6. Entry Deterrence:Two firms produce luxury auto seat covers: Northwest Seat Covers (NW) and J&J Seat Cover Company (J&J). The market demand for these seat covers is represented by the inverse demand function: P = 100 - Q, where Q = q1 +q2. Each firm has a cost function given by C(q) = 10q.
a) The Cournot solution implies that each firm produces an output of 30. If the two firms formed a cartel, the total cartel output would be 45. Fill in each cell with the profits for each firm, carefully showing the steps in your calculation. Suppose the two firms must independently and simultaneously decide which of these two outputs to choose. What is the Nash equilibrium in the one shot game? Is this game a prisoners’ dilemma?
b) Now suppose that NW is initially the only firm in this market. However, it is concerned that J&J may enter the market. If J&J enters the market it must pay an up-front fixed investment cost of 300 in addition to its production costs. NW can prevent entry by obtaining a patent on these seat covers. Obtaining the patent would cost 1000. Draw the extensive form of the entry deterrence game and determine the subgame perfect Nash equilibrium. Briefly explain your reasoning. What term would you use to describe this outcome? (See pp. 441-442).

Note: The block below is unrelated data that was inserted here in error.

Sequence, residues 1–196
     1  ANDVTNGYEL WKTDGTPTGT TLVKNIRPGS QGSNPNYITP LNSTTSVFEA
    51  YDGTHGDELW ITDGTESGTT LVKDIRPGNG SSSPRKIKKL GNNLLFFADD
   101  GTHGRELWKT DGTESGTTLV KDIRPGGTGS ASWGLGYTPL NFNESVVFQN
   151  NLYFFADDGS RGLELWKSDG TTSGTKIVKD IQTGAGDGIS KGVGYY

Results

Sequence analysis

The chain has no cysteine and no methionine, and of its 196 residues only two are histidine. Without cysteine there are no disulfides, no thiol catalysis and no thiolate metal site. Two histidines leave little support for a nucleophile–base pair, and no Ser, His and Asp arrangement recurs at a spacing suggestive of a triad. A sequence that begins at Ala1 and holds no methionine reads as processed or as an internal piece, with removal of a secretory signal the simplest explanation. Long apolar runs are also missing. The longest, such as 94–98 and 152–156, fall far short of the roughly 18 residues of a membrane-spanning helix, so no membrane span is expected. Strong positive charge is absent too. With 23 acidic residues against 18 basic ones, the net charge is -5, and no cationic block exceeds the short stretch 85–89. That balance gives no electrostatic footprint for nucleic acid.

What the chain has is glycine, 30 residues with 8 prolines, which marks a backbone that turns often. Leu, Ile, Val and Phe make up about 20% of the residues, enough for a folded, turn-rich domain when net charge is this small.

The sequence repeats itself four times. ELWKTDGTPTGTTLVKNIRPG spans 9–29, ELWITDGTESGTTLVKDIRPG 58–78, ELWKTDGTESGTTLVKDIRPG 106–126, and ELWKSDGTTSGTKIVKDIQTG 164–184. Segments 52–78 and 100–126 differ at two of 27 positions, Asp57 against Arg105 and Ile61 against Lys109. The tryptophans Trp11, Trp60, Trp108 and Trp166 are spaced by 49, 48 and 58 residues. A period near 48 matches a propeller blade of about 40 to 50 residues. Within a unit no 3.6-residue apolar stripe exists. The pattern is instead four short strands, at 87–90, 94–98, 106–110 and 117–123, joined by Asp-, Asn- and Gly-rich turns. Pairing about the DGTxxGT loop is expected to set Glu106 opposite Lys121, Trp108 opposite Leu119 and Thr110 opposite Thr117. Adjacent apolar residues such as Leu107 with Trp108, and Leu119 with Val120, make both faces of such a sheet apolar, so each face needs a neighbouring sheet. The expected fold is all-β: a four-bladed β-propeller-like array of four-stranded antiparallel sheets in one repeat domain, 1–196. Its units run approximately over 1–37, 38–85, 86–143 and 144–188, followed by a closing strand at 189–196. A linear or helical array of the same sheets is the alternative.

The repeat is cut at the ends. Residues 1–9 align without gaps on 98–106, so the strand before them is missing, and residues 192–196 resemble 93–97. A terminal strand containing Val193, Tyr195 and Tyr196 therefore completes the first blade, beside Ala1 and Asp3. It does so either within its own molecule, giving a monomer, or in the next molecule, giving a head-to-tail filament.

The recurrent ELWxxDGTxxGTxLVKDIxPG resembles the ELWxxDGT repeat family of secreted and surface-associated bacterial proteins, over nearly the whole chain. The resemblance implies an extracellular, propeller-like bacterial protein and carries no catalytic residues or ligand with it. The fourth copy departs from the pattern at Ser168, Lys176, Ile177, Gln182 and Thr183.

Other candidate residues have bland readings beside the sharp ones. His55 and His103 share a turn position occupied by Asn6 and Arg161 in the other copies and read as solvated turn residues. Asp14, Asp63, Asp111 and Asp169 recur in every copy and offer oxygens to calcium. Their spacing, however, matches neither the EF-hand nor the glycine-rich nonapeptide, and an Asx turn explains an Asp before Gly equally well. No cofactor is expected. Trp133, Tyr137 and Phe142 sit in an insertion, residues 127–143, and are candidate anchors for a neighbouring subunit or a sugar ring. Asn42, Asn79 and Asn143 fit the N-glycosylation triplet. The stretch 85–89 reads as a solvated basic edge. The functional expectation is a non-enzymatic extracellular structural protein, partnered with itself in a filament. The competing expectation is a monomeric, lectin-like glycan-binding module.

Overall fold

An investor is considering 4 different investment strategies. The returns of the investor under two different states of the nature (good luck and bad luck) and the probabilities associated with these two states are shown in the following table:
Return (R) with Bad Luck
Prob. of Bad Luck
Return (R) with Good Luck
Prob. of Good Luck
a) Use Excel to calculate the expected return and the standard deviation of the return for each of the four strategies. Paste your spreadsheet into your answer. What can you say about which strategies would be chosen by a risk averse investor, a risk neutral investor, and a risk preferring investor?
A risk averse investor would __________________________________________________
A risk neutral investor would __________________________________________________
A risk preferring investor would ________________________________________________
b) Next, assume that the investor’s utility function is given by U(R) = R0.5, where R is the return from the investment. Draw a diagram illustrating the utility function. For investment option A find the expected value of the return, the certainty equivalent, and the risk premium. Show all three in the diagram. Show your calculations and explain briefly what you are doing. (Hint: See pp. 472 – 474.)
8. Behavioral Economics